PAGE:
This recipe, and the raw honey in it, are gifts from my neighbors Judith and Bill. They keep bees, grow all sorts of yummy things in their garden, and let me pick from their raspberry patch conveniently located at the end of my summer jogging loop.
Why raw? Not all honey is created equal and there is a lot of conflicting stuff on the internet because, well, because anybody can say anything. I always go back to the scientific literature. In this case, the story on raw honey is very clear:
• Raw honey’s ability to fight bacteria, fungus, even parasite infections has to do with certain enzymes.
• Heat (pasteurization) and light destroy these enzymes and honey loses all antiseptic properties becoming no better than sugar. In fact, it becomes a food source for unwanted guests after it is sterilized by heat treatment.
So even though manufacturers of cheap pasteurized and ultra-filtered honey claim their product has the same health benefits, in truth it doesn’t—there is a big difference.
It is important that your honey is raw and from a known source: as soon as honey is pasteurized it becomes just as bad as table sugar for spiking your blood sugar—and your waistline! Raw honey is alive with enzymes and other health beneficial nutrients. Pasteurized honey is, well, sterile and not any better for you than high fructose corn syrup.
Bill, I know that a lot of people dislike bees or are afraid of them. Thanks for bringing greater understanding of them into our lives. Judith—thanks for quickly describing the recipe and I hope I came close.
I thought long and hard on how to name this incredible breakfast dish. Although it is great in a bowl with unsweetened almond milk, the word cereal means:
1. A grain used for food, such as wheat, oats, or corn.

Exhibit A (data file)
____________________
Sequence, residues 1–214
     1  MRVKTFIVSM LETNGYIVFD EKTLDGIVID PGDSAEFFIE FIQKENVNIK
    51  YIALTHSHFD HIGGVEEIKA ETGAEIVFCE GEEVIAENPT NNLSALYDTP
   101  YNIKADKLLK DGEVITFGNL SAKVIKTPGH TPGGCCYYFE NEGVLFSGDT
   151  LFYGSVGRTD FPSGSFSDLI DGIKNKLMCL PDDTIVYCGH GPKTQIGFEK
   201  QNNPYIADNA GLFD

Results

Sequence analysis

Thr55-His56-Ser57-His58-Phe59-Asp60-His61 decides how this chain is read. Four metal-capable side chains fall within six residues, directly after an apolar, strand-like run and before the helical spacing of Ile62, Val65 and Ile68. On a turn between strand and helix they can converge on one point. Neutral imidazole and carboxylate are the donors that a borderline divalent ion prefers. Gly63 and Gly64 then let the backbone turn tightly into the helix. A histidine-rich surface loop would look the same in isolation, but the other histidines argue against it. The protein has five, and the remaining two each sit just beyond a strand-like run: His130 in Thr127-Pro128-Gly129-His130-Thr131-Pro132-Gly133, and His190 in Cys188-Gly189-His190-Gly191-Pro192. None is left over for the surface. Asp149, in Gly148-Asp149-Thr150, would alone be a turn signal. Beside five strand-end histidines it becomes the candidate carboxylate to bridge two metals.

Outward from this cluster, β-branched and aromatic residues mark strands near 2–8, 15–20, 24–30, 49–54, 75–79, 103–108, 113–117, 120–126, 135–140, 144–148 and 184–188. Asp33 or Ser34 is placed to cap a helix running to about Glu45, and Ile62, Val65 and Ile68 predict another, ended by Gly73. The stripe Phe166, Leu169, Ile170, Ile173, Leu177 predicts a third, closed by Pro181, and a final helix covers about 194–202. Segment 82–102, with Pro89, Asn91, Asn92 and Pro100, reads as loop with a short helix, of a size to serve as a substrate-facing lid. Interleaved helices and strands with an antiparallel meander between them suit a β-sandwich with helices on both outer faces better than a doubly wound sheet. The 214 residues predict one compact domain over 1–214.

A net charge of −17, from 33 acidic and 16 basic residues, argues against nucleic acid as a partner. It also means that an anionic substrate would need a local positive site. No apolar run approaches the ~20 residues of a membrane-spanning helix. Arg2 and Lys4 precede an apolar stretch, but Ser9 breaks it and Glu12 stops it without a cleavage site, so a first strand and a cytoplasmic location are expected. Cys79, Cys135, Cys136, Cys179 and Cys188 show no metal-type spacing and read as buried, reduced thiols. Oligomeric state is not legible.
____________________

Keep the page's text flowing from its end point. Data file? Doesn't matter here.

2. A grass producing such grain, grown as an agricultural crop.
No cereal or other grains in this dish; nope.
And then there is “granola.” The word itself means “grain” and the “ola” part is popular with tradenames, crayola, canola, … moving on…
Maybe muesli? Although muesli is usually filled with oats it doesn’t have to be. Toasted nuts, healthful raw honey, and fruit are the perfect breakfast.
About 10 1-cup servings
2 cups sliced raw almonds
2 cups chopped pecans
1 cup raw pumpkin seeds (pepitos)
2 cups raw cashew pieces
½ cup raw sesame seeds
½ cup raw flax seeds
½ cup raw honey
⅓ cup olive oil
1 tsp Vanilla
1 cup dried fruit (unsweetened—chopped small as needed)
1. Put all the nuts and seeds into a large bowl and mix together.
2. In a saucepan slowly warm the honey and oil over low heat until just runny—do not overheat or cook your honey.
3. Add the vanilla.
4. Pour the honey mixture over the nut mixture and toss to coat.
5. Spread the nut mixture evenly over an oiled baking tray (or lined with parchment paper if you find this easier).
6. Toast in the oven for about 8 minutes, stir and then toast 5-8 more minutes until the nuts are turning golden.
7. Return the nut mixture to the large bowl and stir in the dried fruit. Store covered, keeps for weeks in the refrigerator (maybe longer–we seem to keep running out so we don’t really know).